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In just two years, Clean Water Services turned a two-acre asphalt parking lot into a lush wetland that doubles as a wastewater-treatment facility.


The magical marsh was on display last Saturday, when about 100 people attended the annual Birds & Brew festival at Fernhill Wetlands on Forest Grove’s southern edge.Photo Credit: COURTESY PHOTO: CLEAN WATER SERVICES - This two-acre asphalt pad turned into a lush wetland with 36 plant species over the past two years at Fernhill Wetlands, which is adjacent to the Forest Grove Wastewater Treatment Facility operated by Clean Water Services. Work will finish this month on a similar project but much larger project -- a highly visible, 90-acre wetland just to the south.

“We had huge, huge tours,” said Sheri Wantland, public involvement coordinator for CWS. “Lots of young kids, teenagers.”

But the two-acre “Lower Treatment Wetlands” is just the first act, a model for what CWS officials hope to do with the more highly visible South Wetlands — 90 acres that were once home to three sewage lagoons, thousands of birds and hundreds of bird-watchers every year. That all stopped last May, when CWS drained the lagoons and began reshaping them.Photo Credit: COURTESY PHOTO: CLEAN WATER SERVICES - This two-acre asphalt pad (left) turned into a lush wetland with 36 plant species (right) over the past two years at Fernhill Wetlands, which is adjacent to the Forest Grove Wastewater Treatment Facility operated by Clean Water Services. Work will finish this month on a similar project but much larger project -- a highly visible, 90-acre wetland just to the south.

The earth-moving finished last Friday, just ahead of this week’s rains, which are the first step toward refilling the now heavily contoured basin. Workers will install heavy pipes and other hydraulic structures over the next few weeks.Photo Credit: NEWS-TIMES PHOTO: JOHN MYERS - John Dummer explains a topographical map of the South Wetland project to members of the Fernhill Wetlands Advisory Council. The former flat-bottomed sewage lagoons are now heavily contoured for both hydraulic and habitat purposes. Raised, higher-elevation earth is noted in blue and green while lower-elevation troughs and valleys are noted in orange and red.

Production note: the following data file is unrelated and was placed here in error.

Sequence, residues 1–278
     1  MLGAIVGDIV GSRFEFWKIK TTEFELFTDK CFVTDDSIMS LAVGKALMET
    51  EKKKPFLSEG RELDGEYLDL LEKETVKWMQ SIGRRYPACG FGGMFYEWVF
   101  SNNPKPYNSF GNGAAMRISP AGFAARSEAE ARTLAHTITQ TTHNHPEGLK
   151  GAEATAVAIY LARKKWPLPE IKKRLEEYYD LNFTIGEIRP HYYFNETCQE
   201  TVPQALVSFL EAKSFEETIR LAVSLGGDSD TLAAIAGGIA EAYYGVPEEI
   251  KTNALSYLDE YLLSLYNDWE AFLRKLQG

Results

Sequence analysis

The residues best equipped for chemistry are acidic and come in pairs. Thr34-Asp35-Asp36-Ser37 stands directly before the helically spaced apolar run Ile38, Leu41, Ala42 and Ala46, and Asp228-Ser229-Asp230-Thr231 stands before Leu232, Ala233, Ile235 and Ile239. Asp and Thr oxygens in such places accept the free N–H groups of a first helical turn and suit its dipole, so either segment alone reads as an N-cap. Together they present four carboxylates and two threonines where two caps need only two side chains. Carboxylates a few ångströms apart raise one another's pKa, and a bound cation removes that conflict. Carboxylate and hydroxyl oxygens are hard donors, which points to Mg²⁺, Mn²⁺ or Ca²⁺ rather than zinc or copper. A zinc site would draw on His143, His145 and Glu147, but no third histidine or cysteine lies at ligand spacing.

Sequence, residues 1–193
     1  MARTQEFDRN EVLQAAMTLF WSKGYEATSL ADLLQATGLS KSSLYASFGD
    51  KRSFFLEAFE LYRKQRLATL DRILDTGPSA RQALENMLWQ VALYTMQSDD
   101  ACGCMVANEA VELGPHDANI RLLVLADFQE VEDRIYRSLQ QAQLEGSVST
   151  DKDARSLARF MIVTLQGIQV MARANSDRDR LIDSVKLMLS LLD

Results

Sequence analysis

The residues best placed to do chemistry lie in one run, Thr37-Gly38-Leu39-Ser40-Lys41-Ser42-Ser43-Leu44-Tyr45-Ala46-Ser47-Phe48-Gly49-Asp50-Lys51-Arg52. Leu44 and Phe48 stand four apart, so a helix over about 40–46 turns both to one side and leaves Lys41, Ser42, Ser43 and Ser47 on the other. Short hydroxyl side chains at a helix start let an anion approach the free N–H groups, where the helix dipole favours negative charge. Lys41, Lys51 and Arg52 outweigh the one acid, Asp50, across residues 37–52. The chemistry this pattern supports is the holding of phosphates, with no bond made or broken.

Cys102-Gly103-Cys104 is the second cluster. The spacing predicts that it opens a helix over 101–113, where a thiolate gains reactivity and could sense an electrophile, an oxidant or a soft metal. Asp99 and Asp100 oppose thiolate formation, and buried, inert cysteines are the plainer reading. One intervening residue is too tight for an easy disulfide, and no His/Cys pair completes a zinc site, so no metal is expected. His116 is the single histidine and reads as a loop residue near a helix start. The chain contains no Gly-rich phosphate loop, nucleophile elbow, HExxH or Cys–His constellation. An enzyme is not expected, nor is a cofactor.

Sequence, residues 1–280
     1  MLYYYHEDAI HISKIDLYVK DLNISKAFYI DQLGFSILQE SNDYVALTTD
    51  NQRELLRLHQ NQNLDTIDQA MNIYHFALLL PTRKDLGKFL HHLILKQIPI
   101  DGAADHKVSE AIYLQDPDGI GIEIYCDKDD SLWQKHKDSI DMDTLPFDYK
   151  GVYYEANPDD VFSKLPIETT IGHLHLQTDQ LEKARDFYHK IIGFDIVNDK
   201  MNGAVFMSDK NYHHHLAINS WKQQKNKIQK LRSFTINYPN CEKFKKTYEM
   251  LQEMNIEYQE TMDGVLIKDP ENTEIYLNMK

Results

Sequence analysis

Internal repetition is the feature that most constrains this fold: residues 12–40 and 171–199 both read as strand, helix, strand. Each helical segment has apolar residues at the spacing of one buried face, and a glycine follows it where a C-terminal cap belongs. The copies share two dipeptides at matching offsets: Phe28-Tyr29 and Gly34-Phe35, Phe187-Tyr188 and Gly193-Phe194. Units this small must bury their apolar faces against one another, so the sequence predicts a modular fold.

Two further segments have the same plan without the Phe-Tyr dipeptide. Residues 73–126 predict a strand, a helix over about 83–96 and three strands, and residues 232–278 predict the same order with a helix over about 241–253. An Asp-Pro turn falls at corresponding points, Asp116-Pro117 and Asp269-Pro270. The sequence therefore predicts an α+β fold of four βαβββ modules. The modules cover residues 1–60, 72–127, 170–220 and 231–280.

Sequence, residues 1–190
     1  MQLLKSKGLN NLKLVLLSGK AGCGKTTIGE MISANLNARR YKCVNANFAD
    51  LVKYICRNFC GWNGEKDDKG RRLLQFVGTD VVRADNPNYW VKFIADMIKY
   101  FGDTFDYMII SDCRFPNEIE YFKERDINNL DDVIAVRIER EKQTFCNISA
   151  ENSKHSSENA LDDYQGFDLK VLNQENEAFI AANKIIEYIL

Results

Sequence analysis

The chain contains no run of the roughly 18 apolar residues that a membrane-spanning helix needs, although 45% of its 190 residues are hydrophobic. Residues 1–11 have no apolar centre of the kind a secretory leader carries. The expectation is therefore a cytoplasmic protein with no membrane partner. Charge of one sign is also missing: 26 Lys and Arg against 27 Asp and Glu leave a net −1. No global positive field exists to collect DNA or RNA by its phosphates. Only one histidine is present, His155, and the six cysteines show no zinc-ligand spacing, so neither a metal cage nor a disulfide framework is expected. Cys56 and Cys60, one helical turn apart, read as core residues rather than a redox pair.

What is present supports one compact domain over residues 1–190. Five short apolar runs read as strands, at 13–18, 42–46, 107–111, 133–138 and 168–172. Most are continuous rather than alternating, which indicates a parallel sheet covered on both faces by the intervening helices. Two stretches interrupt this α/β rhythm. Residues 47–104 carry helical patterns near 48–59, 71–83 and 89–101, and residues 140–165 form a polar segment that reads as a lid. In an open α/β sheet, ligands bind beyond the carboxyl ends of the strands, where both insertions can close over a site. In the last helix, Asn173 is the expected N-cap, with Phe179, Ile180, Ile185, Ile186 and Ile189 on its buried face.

By the time the rainy season ends next summer, the new, improved wetland should be full of water again.

According to Wantland, the redesign aims to meet the wastewater-treatment needs of Forest Grove and Cornelius as the cities continue to expand. With the help of a few other “cutting edge” purification projects, the wetland will keep treatment costs down while also drawing more wildlife.

As the water-resources management utility for the Tualatin River watershed, Clean Water Services not only treats wastewater and manages flood-protection projects, but also maintains healthy rivers and streams for both people and wildlife. Habitat improvement is part of its mission.

Still, the success of the two-acre Lower Treatment Wetlands surprised even the people who created it.

“It was pretty exciting to see so many species come into an area that used to be a parking lot. Pretty impressive,” said Jared Kinnear, the recycled-water program manager who helped engineer the transformation.

“Treatment wetlands are usually designed with a flat bottom,” Kinnear told members of the Fernhill Wetlands Advisory Council during an Oct. 8 tour. “We did the opposite.”

That’s because flatness encourages monoculture crops, which are ideal for farmers but not for wetlands, because the monoculture would support only a limited number of species.

So before CWS filled the wetland-to-be with water, a bulldozer dug into the flat ground and furrowed it, letting plant species that like wetter conditions germinate at the bottom of the furrow while others staked out the top. The idea was to get diverse plant cover and lots of it, so the shade would cool the water.

It worked. Instead of the usual monocultures found in treatment wetlands, Kinnear explained that last year the area had 23 wetland plant species and 80 percent cover, but this year the area had 36 species and 95 percent cover.

Volunteer seeds